CAIRO – Egypt on Wednesday lifted a travel ban on seven Americans employed by pro-democracy U.S. groups, signaling an end to the worst crisis in relations between Egypt and the U.S. in 30 years.
The seven, who include the son of U.S. Transportation secretary Ray LaHood, are among 16 Americans who are on trial along with 27 others on charges of using illegally obtained funds to foment unrest in Egypt and incite protests against the nation's military rulers.
The trial opened on Sunday and adjourned until April 26, but the court's three judges resigned from the case on Tuesday, citing "uneasiness." None of the 16 Americans were in court on Sunday. Only the seven affected by the travel ban are still in Egypt.
Egyptian officials said the travel ban was lifted by the country's top prosecutor at the recommendation of the case's investigating judge. It was not immediately clear whether the charges against the Americans would be dropped.
The officials spoke on condition of anonymity because of the sensitivity of the case.
U.S. officials, furious over the case, have threatened to cut off aid to aid -- $1.3 billion in military aid this year and $250 million in economic assistance.
Resolving the crisis has been the subject of intense behind-the-scenes negotiations.
Signs of a possible resolution came as early as Sunday, when only Egyptian defendants attended Sunday's hearing, and the judge gave no instructions to police to ensure the American and other foreign defendants attend the next hearing in two months.
Then came the resignation of the judges, another clear sign that the case could be dropped.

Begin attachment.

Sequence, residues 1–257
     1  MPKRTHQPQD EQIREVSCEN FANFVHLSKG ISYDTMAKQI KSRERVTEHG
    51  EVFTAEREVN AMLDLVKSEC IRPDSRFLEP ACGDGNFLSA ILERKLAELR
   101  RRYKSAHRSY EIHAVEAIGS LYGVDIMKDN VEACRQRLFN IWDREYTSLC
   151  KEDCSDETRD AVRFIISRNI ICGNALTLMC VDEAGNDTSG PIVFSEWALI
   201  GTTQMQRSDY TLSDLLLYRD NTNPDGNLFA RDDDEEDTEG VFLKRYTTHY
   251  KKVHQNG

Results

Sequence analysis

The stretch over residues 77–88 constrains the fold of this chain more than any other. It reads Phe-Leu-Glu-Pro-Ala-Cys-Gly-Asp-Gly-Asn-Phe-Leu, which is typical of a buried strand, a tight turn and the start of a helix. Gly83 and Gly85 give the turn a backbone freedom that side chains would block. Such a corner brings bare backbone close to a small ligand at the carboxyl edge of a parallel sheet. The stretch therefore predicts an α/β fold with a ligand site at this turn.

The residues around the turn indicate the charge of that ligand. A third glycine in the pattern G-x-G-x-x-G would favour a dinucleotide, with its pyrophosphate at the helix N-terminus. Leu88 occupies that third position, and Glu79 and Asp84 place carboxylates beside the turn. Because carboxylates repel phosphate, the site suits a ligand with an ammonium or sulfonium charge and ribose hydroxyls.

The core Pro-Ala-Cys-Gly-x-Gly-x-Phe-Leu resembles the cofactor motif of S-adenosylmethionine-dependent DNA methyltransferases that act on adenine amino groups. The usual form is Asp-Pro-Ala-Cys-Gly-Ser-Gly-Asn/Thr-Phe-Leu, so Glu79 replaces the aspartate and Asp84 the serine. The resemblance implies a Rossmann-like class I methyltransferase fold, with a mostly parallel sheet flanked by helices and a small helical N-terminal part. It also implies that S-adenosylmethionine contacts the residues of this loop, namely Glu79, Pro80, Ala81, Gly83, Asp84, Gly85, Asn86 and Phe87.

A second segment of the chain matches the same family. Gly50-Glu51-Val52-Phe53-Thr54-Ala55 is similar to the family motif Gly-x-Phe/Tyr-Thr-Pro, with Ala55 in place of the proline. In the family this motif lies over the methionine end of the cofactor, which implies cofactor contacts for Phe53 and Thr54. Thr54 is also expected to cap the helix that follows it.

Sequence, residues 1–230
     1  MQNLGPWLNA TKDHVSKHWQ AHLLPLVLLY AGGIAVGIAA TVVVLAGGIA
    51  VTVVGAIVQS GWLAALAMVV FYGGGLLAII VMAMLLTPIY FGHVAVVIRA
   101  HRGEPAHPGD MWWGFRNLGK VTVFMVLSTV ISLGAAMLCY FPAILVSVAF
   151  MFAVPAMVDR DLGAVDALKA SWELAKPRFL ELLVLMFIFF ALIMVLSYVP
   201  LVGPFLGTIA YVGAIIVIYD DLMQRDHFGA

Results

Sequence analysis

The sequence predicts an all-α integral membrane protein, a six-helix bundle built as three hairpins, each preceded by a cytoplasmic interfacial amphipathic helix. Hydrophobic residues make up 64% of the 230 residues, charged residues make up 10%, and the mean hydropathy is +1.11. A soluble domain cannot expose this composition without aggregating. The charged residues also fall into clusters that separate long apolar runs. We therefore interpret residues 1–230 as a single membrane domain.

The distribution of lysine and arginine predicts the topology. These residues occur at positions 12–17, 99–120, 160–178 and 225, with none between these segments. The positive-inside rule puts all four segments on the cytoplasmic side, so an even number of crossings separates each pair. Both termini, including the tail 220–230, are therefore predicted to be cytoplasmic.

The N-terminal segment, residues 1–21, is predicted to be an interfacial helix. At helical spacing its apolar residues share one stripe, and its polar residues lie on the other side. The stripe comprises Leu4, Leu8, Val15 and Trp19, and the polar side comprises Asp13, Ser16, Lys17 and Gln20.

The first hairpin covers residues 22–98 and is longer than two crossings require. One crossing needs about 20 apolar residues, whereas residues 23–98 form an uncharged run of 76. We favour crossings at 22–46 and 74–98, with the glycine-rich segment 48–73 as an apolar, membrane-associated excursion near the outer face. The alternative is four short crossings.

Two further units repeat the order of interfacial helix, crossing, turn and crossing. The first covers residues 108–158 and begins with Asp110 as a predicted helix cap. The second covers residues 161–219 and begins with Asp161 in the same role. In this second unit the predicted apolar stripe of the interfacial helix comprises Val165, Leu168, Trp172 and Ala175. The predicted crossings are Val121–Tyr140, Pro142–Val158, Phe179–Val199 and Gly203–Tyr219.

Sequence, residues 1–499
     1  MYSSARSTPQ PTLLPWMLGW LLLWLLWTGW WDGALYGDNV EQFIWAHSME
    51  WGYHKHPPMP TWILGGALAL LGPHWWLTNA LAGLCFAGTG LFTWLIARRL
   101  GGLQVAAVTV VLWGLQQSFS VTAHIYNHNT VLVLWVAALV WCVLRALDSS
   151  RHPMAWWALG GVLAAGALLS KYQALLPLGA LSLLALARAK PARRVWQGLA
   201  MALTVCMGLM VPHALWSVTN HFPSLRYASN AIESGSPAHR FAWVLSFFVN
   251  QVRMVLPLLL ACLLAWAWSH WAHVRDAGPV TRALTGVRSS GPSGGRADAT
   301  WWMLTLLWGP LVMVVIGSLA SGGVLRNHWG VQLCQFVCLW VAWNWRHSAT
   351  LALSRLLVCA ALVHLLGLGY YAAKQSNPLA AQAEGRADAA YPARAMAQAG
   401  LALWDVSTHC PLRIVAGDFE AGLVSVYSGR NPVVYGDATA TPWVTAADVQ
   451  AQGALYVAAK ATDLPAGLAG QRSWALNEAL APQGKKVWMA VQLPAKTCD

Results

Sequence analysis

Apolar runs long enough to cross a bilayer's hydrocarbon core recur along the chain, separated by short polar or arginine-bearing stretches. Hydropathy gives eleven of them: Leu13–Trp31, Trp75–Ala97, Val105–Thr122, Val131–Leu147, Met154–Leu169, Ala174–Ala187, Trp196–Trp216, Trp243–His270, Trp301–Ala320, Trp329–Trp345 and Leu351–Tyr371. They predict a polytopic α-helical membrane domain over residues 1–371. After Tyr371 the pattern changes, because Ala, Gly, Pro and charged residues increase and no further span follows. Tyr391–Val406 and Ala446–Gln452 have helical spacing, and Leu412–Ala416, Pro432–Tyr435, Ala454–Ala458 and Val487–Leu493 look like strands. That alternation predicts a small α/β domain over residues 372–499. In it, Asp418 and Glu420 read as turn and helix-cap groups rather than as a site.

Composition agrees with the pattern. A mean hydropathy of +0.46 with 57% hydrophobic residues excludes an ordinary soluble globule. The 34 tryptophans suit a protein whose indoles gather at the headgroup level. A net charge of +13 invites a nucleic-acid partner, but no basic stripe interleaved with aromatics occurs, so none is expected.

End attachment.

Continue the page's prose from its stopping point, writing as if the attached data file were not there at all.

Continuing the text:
Egypt and the United States have been close allies since the late 1970s, soon after the Egyptians abandoned decades of partnership with the Soviet Union and signed a peace treaty with Israel, the first Arab nation to do so. Informally, U.S. aid to Egypt is hinged on Cairo keeping the peace with Israel.
The charges dovetail with constant pronouncements from Egypt's military rulers that protests against their rule are directed by unnamed, dark foreign forces, a claim that is ridiculed by Egyptian activists.
The heavily publicized case of the four U.S. pro-democracy groups has been linked to the turmoil roiling Egypt since an 18-day popular uprising forced Hosni Mubarak to step down on Feb. 11 last year.
The groups have trained thousands of young Egyptians in political activism and organizing, an education that played a key part in the success of last year's uprising. Egypt's ruling generals claim they support the uprising, routinely referring to it as the "glorious revolution."
Rights groups have sharply criticized the investigation into the civil society groups and the charges against the workers, saying they are part of an orchestrated effort by the generals to silence critics and cripple pro-democracy organizations critical of their handling of what was supposed to be a transition to democracy.
The affair began in December, when Egyptian security raided 17 offices of 10 pro-democracy and human rights groups, confiscating documents and equipment. It led to charges that the groups have financed protests over the past year with illegally obtained funds and have failed to register with the government as required.
The groups insist their financing is transparent, and all their efforts to register have been stalled by the Egyptian government.
Beside the 16 Americans, the case involves 16 Egyptians, and others are German, Palestinian, Serb and Jordanian.